Imagine you're the proud owner of a guitar shop. One day, you wake up expecting to enjoy happy customers browsing the shop.

But something is amiss today... there is a crowd of robots, idling around in your shop and not buying anything. Your customers can't even enter your shop and leave in frustration. No business today.

Welcome to the slow client attack, and let's find out how you can supercharge Puma with the power of Passenger 6.

What is the slow client attack?

A slow client attack is a form of Denial of Service. It's real: see the Slowloris attack. An attacker can open an HTTP connection and then send the request very slowly, receive the response very slowly, or both. The reason why this is problematic is because most apps or app servers have a limited amount of I/O concurrency.

Imagine your application as the city hall, and your app server as the city hall desks. People enter a desk (send a request), do some paper work (processing inside the app) and leave with stamps on their papers (receive a response). Slow clients are like people entering a desk, but never leaving, so that the clerk can not help anybody else.

One desk (thread) can help one person (request) at the same time. This is called the multithreaded I/O model, and is what Puma uses. Threads are relatively expensive compared to an evented I/O model (think Node.js style I/O), and that's why slow client attacks cannot be efficiently mitigated by spawning more threads (adding clerks and desks). Threads use memory, and more threads means the OS kernel's scheduler has to do more work. There are only so many desks you can fit in the building before you run out of space.

Puma + Nginx evented buffering

The standard mitigation for slow client attacks is by employing buffering reverse proxy that can handle a much larger I/O concurrency.

Imagine that we put a million clerks outside the building. These clerks are not trained to process your paperwork. Instead, they only accept your paperwork (buffer your requests), bring them to the clerks inside the city hall, and bring the stamped paperwork back to you (buffer application responses). These clerks never stand still in front of the desks so they'll never cause the slow client problem. Because these outside clerks are lightly trained, they're cheap (use less RAM) and we can have a lot of them.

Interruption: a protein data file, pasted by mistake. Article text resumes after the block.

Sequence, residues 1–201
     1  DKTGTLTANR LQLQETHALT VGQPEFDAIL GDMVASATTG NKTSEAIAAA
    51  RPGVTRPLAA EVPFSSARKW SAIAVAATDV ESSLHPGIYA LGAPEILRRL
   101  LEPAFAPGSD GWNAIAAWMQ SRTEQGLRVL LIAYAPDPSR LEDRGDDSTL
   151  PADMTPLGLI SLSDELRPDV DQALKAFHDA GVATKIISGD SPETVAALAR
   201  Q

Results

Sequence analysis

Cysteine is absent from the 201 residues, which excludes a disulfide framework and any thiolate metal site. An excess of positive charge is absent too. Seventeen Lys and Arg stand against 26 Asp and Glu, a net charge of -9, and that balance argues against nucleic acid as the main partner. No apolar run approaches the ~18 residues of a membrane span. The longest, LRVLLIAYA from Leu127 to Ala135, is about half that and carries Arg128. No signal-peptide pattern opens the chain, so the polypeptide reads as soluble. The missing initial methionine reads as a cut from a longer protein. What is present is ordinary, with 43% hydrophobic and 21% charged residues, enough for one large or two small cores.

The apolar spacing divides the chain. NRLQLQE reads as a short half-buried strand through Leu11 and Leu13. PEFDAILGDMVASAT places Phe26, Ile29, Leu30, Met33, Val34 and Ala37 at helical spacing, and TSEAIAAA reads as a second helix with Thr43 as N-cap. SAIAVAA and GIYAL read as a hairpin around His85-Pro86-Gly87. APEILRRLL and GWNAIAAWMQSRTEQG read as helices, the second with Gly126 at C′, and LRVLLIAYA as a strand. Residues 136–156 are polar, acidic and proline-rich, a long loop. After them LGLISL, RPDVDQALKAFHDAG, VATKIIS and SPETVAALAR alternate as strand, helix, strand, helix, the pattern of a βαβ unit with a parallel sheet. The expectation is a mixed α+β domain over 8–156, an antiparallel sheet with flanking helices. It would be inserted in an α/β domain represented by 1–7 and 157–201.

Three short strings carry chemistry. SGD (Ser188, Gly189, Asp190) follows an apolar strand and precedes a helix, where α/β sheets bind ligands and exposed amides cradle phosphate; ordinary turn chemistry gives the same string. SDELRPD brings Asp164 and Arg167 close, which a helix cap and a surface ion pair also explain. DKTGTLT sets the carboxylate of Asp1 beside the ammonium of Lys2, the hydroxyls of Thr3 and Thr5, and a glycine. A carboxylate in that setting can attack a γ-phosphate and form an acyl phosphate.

This is roughly what you can achieve by setting Nginx to reverse proxy to your application, however it is extra work beyond deploying your application and setting up Puma.

Here is an example systemd service file and Nginx config snippet to achieve this setup.

Description=Puma HTTP Server

ExecStart=/path/to/my/app/sbin/puma -b tcp:// -w 4 --preload

server {
    listen 80;

    proxy_buffering on; # default, here for demonstration purposes
    proxy_buffers 16 4k;
    proxy_buffer_size 2k;
    proxy_busy_buffers_size 8k;
    proxy_max_temp_file_size 2048m;
    proxy_temp_file_write_size 32k;
    proxy_pass http://localhost:9292;

This results in a setup that looks like this:

Nginx -> Puma -> Your webapp

Just add Passenger

Instead it's easier to deploy Passenger 6 with Puma, that way you don't have to install and configure Nginx yourself; all you have to do is setup your Gemfile and configure Passenger with one line to start Puma for you, and you get all of the above.

passenger start --max-pool-size 1 --app-startup-command "bundle exec puma -w $(grep -c ^processor /proc/cpuinfo) --preload -b tcp://$PORT"

That way your actual configuration will look like this:

Nginx + Passenger -> Puma -> Your webapp

In preventing a slow client attack, the easiest way to go is not an either-or solution, but rather to combine the strenghts of Puma with the virtues of Passenger. Truly the best of both worlds.